News from the west, my friends: Wherefore the Double-Double?, "A family feud has left In-N-Out Burger, that iconic Western enterprise, at a crossroads. Will it still be ours if its bright yellow arrow points east?" I hate to read such things, but if there's a possibility that In-N-Out will be coming east, I rejoice! Some days I miss the hills of Marin. Some days I miss my misty morning runs in Golden Gate Park. But many days I miss my trips to In-N-Out and their delicious fries, and tasty burgers (which often I got as "grilled cheese", everything but the burger.) Oh how I'd love to see that yellow arrow pointing at me here in New York!
The New York Times has a look at one of my favorite culinary techniques, confit, in Florence Fabricant's article, By Fat Transformed: The Confit, in All Its Splendor. Chef David Kinch of Manresa in Los Gatos, CA says,
"I once had chicken livers confit in a small bistro in the north of Italy and couldn't forget them," he said. "They were smooth, like ganache, or good foie gras. You can spread them on toast."
To achieve this consistency, his technique is unusual. After carefully trimming the livers, Mr. Kinch lets them soak in milk overnight, a French technique that makes them less bitter. To cook them, he places them in clarified butter in a saucepan, enough to cover the livers completely. A sprig of thyme or a bay leaf can add a subtle dimension.
Hmmm…this sounds like something I might have to try here at home. I love confit of anything, but especially of duck. I almost always order it in Paris when I see it on the menu, and am rarely disappointed. I haven't gotten into the confiting of vegetables as much as meat though, and in general it seems the word has been applied quite liberally by American chefs to various preparations. A stricter definition (some might say the only definition) from Larousse Gastronomique:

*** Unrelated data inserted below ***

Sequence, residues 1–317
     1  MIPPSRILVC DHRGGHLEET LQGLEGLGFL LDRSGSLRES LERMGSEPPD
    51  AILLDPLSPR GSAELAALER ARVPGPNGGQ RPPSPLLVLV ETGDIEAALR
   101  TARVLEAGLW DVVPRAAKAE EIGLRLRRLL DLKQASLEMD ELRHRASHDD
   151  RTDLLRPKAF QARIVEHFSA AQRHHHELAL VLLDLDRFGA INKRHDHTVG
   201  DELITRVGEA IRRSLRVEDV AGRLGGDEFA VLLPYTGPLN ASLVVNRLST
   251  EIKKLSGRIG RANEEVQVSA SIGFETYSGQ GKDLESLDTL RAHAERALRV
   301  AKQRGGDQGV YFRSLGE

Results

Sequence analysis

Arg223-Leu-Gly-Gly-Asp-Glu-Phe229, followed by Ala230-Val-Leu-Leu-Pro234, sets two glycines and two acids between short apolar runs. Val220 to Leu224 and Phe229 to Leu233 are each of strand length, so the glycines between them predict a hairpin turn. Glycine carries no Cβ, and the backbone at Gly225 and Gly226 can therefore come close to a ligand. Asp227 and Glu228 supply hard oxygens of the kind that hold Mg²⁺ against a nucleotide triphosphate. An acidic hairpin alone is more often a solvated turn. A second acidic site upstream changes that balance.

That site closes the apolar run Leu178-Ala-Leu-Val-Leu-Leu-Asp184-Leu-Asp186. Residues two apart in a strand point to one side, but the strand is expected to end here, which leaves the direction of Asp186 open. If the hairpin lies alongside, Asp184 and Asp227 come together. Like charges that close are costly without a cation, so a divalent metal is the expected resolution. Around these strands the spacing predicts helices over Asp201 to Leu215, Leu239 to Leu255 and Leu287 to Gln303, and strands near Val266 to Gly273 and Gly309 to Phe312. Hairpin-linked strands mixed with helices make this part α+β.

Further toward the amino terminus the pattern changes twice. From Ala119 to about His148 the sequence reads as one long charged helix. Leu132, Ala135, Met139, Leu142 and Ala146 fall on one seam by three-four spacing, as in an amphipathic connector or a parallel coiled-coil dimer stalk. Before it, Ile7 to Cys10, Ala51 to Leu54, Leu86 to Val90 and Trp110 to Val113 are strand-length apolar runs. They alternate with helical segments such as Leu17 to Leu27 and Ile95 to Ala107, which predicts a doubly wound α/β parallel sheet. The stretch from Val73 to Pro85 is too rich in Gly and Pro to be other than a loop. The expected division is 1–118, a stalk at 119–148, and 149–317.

A piece of pok, goose, duck or turkey cooked in its own fat and stored in a pot, covered in the same fat to preserve it.
Or as a chef I worked with once said, "There's no such thing as onion confit! An onion doesn't have fat, so you can't cook it in its own fat!" Well, right or wrong, when something's cooked long and slow so that it's amazingly tender and rich, whether animal or vegetable, I call that delicious!
The other day I wrote about eating less fish, Less fish and more cow in my belly, and I decided I'd try and eat more salmon. Canned wild salmon seemed like a good idea for lunch, and so I began dreaming of the salmon sandwiches I'd create. Over the weekend I went to Whole Foods and bought two cans of wild salmon, some fresh dill, a nice loaf of whole wheat bread, and a red onion. And today I set out to make my delicious salmon sandwich!
Step one: open can of canned salmon with can opener. Step two: remove lid. Step three: recoil in horror!! Ewwww!! What is this? Skin! Lots of salmon skin! I don't mind salmon skin when it's been seared nice and crisp in a pan, but I sure don't want it all gummy and slimy in my salmon sandwich! And wait, what's this?! Bones! BONES!! And not just pin bones, but like, a slice of the salmon's spine! Right in the can! It is so gross-looking and smelly that I can hardly bear to taste a small skin-free bone-free nibble.
Also: it looks like cat food. In fact, it looks worse than cat food. In fact, it is worse than cat food! My cat came into the kitchen when he heard the can opener, hoping for some early dinner. After I decided there was no way I was making my sandwich, I put the bowl down on the floor. Someone should eat this, I figured. After one tentative sniff and bite, the cat decided it would not be he, and he walked away.
Meat-in-belly Meg: 1
Salmon-in-belly Meg: 0
The New York Times examines what's going on with the 'contaminants in fish' advice that's been coming out lately, Advisories on Fish and the Pitfalls of Good Intent. I think they're talking about me!
SHOPPING for fish these days is fraught with confusion. There is so much contradictory information about what is safe and what isn't. Some nutritionists are worried that people will throw up their hands and choose steak instead.